Eman, who will attend University of Michigan Dearborn in the fall to study primary education, said her parents were very supportive, although her sisters first doubted they could pull it off. The experience has boosted my confidence, Eman said. “We’re going to do it,” she told her sisters. “I never thought we would get this far.”

Michelle, a quiet shy girl, said people started to know her through the project. She said the prom allowed people to, “See some friends in a different element.”

Sophomore Dominique Davis who attended the prom said, she was astonished to see all the girls dressed up. “It was even more wonderful to see all the fellow classmates that I usually see wrapped in religious clothes, in beautiful gowns and fun dresses. I think attending this prom made me feel a sense of pride in my sex, my school, and in my community…there was a room full of princesses.”

Rukeih said her mother understood an all girls prom was possible, as similar girls dances are held at the Oakland International Academy in Detroit. “I really loved the idea of prom… all should have a prom experience.”

On Saturday teachers greeted students dressed in short and long glossy American, Arabic and Bangladeshi dresses. A handful of Yemeni girls brought bells to wrap around their waists for Arabic dabka dancing. Students smiled with their eyes wide open as they saw their classmates. Many did their hair in updo’s while a few left their hijabs on.

Inside the hall, the stage was decorated with a floating fushia, black and white balloons arc reaching from one end of the stage to the other. Tables were bursting with color: fushia tablecloths were topped with purple floral centerpieces (some with floating candles), balloons and a three-tier stack of plates for girls to enjoy dinner from Royal Kabob, a Middle Eastern restaurant in Hamtramck.

Dinner consisted of grape leaves stuffed with rice and meat, pinched spinach and meat pastries, rice and hummus, pita, beef kabobs, and fatoosh (salad with vinaigrette). Desserts from Shatila Bakery in Dearborn ranged from fruit to baklawa, and a fit-for-a-princess cake.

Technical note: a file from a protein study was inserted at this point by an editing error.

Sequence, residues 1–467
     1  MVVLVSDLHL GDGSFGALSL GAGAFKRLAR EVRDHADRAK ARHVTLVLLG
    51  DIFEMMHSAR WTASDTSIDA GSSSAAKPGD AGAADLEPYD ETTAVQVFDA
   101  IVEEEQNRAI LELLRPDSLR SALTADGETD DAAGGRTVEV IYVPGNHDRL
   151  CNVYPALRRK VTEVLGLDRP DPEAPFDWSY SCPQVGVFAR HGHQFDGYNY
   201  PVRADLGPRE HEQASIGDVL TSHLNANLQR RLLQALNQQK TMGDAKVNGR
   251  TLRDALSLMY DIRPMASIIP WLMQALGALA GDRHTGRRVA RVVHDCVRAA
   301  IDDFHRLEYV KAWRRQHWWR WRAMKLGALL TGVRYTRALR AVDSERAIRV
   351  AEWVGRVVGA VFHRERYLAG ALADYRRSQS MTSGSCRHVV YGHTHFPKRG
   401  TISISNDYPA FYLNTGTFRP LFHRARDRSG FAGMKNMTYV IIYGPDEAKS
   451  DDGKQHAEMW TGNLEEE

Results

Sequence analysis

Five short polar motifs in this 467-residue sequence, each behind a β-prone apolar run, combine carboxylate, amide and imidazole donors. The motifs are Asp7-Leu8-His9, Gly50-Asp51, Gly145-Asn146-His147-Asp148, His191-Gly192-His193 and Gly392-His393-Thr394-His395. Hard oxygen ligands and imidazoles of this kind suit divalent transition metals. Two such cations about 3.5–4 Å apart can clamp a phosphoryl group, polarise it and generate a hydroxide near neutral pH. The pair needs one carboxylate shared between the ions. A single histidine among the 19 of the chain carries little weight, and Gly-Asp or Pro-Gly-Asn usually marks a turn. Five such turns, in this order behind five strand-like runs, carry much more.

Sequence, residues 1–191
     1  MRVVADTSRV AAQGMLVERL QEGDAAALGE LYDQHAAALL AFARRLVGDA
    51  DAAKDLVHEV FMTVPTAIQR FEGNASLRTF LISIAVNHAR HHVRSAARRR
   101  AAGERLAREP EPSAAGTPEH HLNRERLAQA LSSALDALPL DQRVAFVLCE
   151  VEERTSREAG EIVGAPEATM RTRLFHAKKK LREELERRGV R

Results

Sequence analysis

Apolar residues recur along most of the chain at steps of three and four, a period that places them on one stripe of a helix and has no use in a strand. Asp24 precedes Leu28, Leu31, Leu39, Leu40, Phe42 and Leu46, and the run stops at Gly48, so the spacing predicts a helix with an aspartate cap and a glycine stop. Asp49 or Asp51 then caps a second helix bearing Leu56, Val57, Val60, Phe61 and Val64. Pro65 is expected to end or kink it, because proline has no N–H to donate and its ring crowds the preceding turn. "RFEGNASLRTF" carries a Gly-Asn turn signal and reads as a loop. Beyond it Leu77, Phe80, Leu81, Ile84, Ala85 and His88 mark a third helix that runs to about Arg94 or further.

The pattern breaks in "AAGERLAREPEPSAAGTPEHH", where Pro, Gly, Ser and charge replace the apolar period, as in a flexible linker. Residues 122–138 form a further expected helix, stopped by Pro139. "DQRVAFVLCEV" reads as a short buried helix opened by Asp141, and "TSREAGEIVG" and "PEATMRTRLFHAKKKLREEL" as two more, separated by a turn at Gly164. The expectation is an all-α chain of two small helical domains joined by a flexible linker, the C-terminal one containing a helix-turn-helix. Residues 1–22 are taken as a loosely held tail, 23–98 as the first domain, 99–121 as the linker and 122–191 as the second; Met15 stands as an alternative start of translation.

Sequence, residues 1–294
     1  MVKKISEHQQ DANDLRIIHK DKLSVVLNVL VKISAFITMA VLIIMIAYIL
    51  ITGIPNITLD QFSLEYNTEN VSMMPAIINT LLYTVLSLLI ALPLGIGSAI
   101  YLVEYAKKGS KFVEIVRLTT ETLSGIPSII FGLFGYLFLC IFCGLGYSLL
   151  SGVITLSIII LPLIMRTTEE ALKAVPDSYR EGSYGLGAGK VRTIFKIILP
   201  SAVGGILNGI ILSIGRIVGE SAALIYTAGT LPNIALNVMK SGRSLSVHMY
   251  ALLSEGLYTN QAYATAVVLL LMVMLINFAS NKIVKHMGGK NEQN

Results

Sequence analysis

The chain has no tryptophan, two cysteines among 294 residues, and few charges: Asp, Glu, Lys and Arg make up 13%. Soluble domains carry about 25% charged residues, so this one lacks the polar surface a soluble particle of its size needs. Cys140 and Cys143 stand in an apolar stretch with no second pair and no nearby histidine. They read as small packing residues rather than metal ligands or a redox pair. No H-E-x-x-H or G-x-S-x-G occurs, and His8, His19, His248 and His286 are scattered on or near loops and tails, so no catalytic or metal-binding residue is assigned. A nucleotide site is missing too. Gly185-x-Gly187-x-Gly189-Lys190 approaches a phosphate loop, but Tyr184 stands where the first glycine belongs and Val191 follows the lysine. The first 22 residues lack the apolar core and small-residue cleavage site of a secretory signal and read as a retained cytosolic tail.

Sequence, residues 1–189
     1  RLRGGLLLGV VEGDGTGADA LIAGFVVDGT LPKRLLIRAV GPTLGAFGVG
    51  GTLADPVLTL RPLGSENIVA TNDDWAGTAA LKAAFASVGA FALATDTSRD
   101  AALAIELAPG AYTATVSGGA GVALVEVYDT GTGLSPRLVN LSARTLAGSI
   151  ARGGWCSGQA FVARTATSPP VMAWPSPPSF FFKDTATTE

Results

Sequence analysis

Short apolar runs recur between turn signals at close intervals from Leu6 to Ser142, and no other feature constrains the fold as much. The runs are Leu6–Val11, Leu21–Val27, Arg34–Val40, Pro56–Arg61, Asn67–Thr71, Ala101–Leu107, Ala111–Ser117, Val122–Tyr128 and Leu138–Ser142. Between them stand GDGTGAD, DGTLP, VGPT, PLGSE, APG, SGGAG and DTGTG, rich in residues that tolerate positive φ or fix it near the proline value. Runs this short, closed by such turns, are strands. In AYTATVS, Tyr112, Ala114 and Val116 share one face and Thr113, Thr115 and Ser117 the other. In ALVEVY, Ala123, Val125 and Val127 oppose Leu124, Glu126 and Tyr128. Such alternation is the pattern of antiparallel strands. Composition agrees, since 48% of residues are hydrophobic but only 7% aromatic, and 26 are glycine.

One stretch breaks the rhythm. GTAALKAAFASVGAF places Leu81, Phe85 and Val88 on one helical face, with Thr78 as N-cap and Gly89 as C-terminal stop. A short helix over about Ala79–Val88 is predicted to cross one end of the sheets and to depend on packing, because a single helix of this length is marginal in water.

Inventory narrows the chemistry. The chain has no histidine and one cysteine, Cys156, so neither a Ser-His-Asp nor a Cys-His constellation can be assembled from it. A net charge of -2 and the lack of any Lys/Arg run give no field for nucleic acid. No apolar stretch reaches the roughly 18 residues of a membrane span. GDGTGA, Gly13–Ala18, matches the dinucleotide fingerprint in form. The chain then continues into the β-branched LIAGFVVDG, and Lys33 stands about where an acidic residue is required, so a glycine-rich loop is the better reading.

Nearly 110 guests – students and female staff – chatted, ate dinner, danced to American, Arabic and Indian music, and lined up for a professional henna tattoo.

Junior Amena Khan said she had a good time at the party. It was an “Innovative way to allow girls of reserved cultures to express themselves and have fun,” said Amena.

“I personally had a good time, knowing there would be no boys to impress or watch out for. The entire atmosphere was friendly, fun, and energetic. The entertainment was commendable and enjoyable. The music was addictive, and the professional henna artist added a taste of Middle Eastern and South Asian culture to the atmosphere.

The night was topped off with crowning a prom court: a senior queen, senior and junior princesses, and sophomore and junior duchesses.

Manal Obied, sophomore, said she had an amazing time. Manal, who won class duchess, said she plans to continue the girls prom with the help of her brother, manager of Royal Kabob who sponsored the desert table, and her friends.

“I am so glad that they came up with this idea of having an all girls prom, because so many girls that weren’t able to go to the regular prom had the chance to go.”

Rukeih said she learned never to be afraid to put yourself out there. “If you’re not doing anything wrong, have faith in yourself and deen, you can do it…Allah’s watching.”

Tharima, who plans to study business at Wayne State University next semester, said the party was to make every girl feel like a princess. The Princess Project 2012 girls hopes the high school students keep the tradition going, and they can look back in 10 years to the first one. Michelle said, “This will be the normal thing.”

Junior Thanjila Uddin said she didn’t expect many people to come to the first prom. “I’m definitely going there next year,” she said.

Tharima said she was inspired by Prophet Muhammad’s (s) wife Khadija, a business woman, as Princess Project 2012 was conducted like a business. She hopes future girls hold onto the relationships they built in the process.